Clark coroner, deputy named master coroners

Clark County’s coroner and one of his deputies recently earned their master coroner certifications.

Coroner Robert Gayheart and Deputy Coroner Sarah Crews both earned the distinction from the Kentucky Coroners Association earlier this year.

To be a master coroner in Kentucky, there are standards for experience and caseloads to be met, he said.

“You have to have a minimum of 12 years of coroner experience,” Gayheart said. “You have to have worked 300 cases on your own.”

While Crews easily surpassed both, Gayheart recently gained enough years of experience, between his nine years as Clark County coroner and his years working as a deputy coroner in Fayette County.

“It’s one of those achievements in our association not everyone achieves, because they don’t all stay the course,” he said.

Gayheart said the distinctions are the latest accomplishment for an office that has grown significantly since he was appointed in 2008.

“A lot of people don’t understand the duties of a coroner,” he said. “It’s more than picking up the deceased. It’s deciding when an autopsy is needed. It’s determining cause and manner of death. It’s notifying families.”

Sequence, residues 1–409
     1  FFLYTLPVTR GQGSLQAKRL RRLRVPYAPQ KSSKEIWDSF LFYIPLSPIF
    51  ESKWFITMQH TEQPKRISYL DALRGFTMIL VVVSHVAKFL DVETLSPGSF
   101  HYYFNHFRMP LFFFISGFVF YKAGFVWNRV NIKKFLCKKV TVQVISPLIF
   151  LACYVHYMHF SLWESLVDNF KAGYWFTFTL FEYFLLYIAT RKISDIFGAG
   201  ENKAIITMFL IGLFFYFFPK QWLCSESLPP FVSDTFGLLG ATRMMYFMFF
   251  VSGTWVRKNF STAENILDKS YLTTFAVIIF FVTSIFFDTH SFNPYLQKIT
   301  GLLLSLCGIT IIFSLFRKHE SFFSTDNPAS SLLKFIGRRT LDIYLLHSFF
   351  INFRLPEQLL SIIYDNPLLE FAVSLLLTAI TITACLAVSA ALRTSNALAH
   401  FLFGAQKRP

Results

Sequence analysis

It’s also a job subject to calls at all hours and all conditions.

“We try to offer a service to the community,” he said. “When I think about my job, I think of it as a public service rather than politics. It’s a very important job.”

The coroner’s staff is completed by deputy coroner Katie Lisle, who joined about a year ago, he said.

Gayheart said his office averages about 130 calls a year, which can include calls from other counties as well as Clark Regional Medical Center.

“For me, this is a position of calling,” he said. “I believe this is the job I’m supposed to do for my community. I am proud of this office and what we’ve been able to accomplish.”